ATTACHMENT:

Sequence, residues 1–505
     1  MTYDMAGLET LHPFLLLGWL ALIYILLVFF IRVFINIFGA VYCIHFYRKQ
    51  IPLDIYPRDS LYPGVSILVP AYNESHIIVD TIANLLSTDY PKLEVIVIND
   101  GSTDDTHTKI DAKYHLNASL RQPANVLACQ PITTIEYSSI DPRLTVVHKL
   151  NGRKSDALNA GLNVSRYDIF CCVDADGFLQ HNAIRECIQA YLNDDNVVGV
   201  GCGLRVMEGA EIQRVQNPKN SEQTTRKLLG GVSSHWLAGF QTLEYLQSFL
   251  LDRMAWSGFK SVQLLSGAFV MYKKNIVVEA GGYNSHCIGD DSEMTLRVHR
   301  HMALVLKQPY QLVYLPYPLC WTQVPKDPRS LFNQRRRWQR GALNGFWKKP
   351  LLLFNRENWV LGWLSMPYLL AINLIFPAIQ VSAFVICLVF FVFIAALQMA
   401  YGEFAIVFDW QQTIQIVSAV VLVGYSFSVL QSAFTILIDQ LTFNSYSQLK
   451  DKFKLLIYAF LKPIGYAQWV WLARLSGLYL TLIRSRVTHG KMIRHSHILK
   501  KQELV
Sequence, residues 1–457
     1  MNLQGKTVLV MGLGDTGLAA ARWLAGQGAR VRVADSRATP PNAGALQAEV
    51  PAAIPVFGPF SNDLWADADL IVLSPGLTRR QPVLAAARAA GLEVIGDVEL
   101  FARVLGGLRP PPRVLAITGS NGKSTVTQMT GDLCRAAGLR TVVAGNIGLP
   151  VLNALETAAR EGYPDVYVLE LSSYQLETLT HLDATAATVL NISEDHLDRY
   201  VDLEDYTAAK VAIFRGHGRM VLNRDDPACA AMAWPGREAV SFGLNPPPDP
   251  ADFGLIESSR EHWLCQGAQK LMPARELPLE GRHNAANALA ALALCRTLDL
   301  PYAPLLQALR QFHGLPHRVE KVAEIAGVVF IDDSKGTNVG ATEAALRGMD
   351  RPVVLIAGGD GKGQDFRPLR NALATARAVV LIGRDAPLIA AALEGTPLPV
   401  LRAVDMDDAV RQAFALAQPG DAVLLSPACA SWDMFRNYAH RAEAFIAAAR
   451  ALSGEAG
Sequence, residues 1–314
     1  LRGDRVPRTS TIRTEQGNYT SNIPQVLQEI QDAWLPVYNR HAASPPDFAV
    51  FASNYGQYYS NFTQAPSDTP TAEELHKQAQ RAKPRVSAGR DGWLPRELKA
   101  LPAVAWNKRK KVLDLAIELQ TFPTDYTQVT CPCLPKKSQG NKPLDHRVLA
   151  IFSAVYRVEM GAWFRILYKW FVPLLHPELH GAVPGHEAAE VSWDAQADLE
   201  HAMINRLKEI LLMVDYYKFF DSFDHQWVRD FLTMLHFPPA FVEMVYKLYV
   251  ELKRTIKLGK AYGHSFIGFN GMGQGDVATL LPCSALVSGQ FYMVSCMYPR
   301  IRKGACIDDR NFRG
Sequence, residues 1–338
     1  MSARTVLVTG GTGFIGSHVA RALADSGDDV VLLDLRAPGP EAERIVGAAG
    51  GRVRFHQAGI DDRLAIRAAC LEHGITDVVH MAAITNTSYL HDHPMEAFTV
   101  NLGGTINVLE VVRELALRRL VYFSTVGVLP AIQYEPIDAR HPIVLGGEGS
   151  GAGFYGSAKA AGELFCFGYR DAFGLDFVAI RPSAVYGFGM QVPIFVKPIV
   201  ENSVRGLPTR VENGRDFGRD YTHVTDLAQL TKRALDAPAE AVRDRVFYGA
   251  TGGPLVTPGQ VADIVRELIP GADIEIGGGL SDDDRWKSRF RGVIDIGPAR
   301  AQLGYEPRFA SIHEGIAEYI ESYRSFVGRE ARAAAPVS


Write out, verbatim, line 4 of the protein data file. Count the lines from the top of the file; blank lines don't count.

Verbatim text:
   101  GSTDDTHTKI DAKYHLNASL RQPANVLACQ PITTIEYSSI DPRLTVVHKL